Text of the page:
A Multi-Disciplinary Perspective
Edited by Erik Verhoef, Michiel Bliemer, Linda Steg and Bert van Wee
Chapter 13: Firms’ Perception and Acceptability of Transport Pricing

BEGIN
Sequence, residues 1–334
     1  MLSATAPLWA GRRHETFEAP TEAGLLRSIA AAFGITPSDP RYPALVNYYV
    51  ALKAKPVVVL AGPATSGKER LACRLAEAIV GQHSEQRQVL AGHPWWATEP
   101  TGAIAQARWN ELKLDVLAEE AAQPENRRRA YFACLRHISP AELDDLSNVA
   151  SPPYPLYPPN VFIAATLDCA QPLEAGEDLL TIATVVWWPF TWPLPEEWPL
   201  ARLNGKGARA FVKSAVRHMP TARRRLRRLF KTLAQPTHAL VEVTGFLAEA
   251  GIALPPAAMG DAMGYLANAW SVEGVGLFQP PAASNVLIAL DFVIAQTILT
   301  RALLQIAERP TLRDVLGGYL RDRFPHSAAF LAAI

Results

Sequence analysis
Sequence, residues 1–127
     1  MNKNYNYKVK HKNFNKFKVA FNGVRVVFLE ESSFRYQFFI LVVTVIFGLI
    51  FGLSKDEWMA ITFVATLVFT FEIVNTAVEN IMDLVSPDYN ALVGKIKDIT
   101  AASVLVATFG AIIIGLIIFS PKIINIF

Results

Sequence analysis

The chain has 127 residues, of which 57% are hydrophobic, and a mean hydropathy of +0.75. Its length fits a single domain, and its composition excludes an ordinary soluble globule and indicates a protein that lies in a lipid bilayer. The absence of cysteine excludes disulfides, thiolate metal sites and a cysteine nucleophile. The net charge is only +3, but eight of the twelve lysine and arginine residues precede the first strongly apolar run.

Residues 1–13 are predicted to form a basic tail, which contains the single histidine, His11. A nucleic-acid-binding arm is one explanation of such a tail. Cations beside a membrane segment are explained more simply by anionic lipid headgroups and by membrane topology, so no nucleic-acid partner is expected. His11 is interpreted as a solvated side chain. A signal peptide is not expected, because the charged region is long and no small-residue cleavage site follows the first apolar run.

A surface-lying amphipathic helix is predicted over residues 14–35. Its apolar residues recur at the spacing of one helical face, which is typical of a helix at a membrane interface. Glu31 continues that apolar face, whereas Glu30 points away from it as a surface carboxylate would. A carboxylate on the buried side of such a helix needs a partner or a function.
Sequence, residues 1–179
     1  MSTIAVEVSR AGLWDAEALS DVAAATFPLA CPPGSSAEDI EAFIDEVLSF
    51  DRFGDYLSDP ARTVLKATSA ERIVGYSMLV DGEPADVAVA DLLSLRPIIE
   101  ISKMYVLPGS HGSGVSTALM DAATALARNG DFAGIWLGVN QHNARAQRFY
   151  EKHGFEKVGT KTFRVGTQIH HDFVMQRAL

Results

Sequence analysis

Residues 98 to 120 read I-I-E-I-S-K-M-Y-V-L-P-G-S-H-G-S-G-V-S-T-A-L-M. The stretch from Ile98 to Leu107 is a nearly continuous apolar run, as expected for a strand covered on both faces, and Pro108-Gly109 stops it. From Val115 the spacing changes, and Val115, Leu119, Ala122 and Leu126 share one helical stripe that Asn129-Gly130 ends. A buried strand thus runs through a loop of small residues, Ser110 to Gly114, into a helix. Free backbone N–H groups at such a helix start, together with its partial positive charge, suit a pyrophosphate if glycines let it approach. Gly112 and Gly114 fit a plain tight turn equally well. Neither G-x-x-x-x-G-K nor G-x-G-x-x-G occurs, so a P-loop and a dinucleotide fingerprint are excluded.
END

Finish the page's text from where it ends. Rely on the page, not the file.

Linda Steg, Taede Tillema, Bert van Wee and Geertje Schuitema 13.1 INTRODUCTION Motorized transport has greatly increased during the last few decades. The growing number of motorized vehicles and their frequent use causes serious problems for environmental quality, the quality of the urban life, traﬃc safety, traﬃc ﬂows and the accessibility of various destinations. Many have stressed that the current transport system is not sustainable (for example, OECD, 1997, 2002; UNEP, 1999; EU, 2001, 2003; van Wee, 2007). It is widely acknowledged that changes in the volumes of motorized traﬃc are needed to reduce the many problems it produces (for example, OECD, 1997; Gärling et al., 2002). Furthermore, problems could be reduced if people were to drive at other times or in diﬀerent places. Thus, policies must target the demand for car use. Various policy measures have been proposed to manage travel demand. In general, four general travel demand management (TDM) strategies may be distinguished: information strategies and social marketing; urban planning; prohibition; and transport pricing (Steg, 2003; Gärling and Steg, 2007). These strategies diﬀer in the way they trigger behaviour changes. The ﬁrst, information strategies and social marketing, is aimed at reducing car use by changing people’s perceptions, beliefs, attitudes, values and norms. The last three are designed to change conditions and structures that inhibit motorized transport and/or facilitate the use of sustainable modes of transport. Urban planning aims to facilitate or inhibit certain types of travel behaviour by changing physical structures...
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